California has its earthquakes. Kansas has its “twisters.” New England has its nor’easters. And along other areas, the southeast has its hurricanes. Hurricane season, the time of the year when more hurricanes hit, is June 1 through Nov. 30. It’s during this time that hurricane preparedness becomes important.
How do you prepare for a hurricane? First, know your hurricane facts and understand common terms used during hurricane forecasts. Storm conditions can vary on the intensity, size and even the angle which the tropical cyclone approaches your area, so it is vital you understand what the forecasters and news reporters are telling you.
Before a storm is categorized as a hurricane, there are two other categories it must progress through. Tropical depressions are cyclones with winds of 38 mph. Tropical storms vary in wind speeds of 39–73 mph. Hurricanes have winds blowing at 74 mph and greater. Typically the upper right quadrant of the storm (the center wrapping around the eye) is the most intense portion of the storm.
Here are some important terms you may hear in conjunction with large storms and what they mean:
Watch: A tropical storm or hurricane watch means the conditions for a tropical storm or hurricane, respectively, are possible in the area. Watches are issued 48 hours in advance of the anticipated onset of the storm’s winds.
Warning: A tropical storm or hurricane warning means the conditions are expected in the area. Warnings are issued 36 hours in advance of the anticipated onsite of the storm’s winds.
Eye: The clear, sometimes well-defined center of the storm with calmer conditions. The eye is surrounded by the eye wall, which contains some of the most severe weather of the storm with the highest wind speed and largest precipitation.
Rain Bands: Bands coming off the cyclone can produce severe weather conditions such as heavy rain, wind and tornadoes.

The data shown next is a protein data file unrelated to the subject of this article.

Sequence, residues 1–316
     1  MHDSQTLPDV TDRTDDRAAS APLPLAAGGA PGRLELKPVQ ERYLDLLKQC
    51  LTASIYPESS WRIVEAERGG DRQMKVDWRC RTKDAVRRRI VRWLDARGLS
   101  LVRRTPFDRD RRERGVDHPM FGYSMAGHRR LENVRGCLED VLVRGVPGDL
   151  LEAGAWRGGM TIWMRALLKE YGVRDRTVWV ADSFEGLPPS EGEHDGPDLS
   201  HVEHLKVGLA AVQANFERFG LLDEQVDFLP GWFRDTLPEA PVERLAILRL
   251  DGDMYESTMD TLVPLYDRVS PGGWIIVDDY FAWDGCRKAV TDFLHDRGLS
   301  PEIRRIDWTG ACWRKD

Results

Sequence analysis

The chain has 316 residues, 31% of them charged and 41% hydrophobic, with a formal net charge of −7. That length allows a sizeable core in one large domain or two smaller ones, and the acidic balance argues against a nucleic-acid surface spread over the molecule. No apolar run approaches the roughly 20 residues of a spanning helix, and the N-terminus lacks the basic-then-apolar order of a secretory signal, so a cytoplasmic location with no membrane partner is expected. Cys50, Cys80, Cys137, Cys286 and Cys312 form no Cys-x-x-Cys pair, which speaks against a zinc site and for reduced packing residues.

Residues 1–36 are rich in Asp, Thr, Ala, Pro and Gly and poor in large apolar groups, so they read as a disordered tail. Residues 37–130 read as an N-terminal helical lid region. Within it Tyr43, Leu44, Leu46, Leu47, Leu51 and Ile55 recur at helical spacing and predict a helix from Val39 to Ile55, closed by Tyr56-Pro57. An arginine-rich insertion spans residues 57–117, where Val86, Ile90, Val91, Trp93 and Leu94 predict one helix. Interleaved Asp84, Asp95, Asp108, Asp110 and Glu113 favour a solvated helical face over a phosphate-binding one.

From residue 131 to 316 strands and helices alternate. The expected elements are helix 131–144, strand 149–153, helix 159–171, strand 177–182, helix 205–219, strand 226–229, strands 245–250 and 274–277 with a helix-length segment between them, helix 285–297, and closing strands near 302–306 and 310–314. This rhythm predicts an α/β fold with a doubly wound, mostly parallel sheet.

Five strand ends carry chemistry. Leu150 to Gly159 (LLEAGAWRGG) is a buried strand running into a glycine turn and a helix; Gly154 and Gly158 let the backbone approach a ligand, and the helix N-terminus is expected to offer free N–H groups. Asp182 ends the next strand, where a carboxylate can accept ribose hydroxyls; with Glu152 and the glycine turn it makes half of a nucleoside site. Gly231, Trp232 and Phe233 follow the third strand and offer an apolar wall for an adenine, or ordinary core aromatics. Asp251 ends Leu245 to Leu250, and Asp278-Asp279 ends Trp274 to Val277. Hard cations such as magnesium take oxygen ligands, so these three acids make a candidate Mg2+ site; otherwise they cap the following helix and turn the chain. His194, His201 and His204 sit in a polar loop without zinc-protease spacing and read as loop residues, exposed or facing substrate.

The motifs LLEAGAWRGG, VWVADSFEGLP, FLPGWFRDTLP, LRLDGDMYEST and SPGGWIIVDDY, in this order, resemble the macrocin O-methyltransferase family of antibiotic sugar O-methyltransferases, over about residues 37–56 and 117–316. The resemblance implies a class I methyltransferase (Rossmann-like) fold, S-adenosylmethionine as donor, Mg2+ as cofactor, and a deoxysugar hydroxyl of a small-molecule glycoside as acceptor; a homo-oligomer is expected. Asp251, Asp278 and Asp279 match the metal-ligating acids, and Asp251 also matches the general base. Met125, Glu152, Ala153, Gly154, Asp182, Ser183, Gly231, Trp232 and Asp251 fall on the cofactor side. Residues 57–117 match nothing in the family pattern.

Storm Surge: An often underestimated and deadly result of ocean water swelling as a result of a landfalling storm, quickly flooding coastal areas and sometimes areas further inland.
During a watch, prepare your home and an evacuation plan in case a warning is issued. During a warning, carefully follow the directions of officials, and immediately leave the area if they advise it. In the event of an extreme wind warning/advisory, which means that extreme sustained winds of 115 mph or greater are expected to begin within an hour, immediately take shelter in the interior portion of a well-built structure.
It is important to create a kit of supplies that you could take with you if you are forced to evacuate. This kit will also be useful if you are able to stay in your home, but are still affected by the storm, such as through the loss of power. One common trend seen when hurricanes are approaching is a wide-spread panic. When this happens, people rush in large numbers to get all the supplies they think they need. However, if you prepare your kit ahead of time, you can alleviate a lot of the potential stress of a very chaotic situation. You should create your kit in a bag that you can easily take with you. Some recommended items to include are:
Securing Your Home
Know how to secure your home in the event of damaging winds, storm surge and flooding.
Remember, any severe storm can be deadly and destructive. If you’ve been in the path of a hurricane, you know the inconvenience and distress it can cause. One of the best tips to being prepared is knowing the cycle of a hurricane: approach, arrival and aftermath. Prepare ahead of time and listen to the directions of officials for the approach, secure your home or find a safe shelter for its arrival, and know how to proceed safely during the aftermath.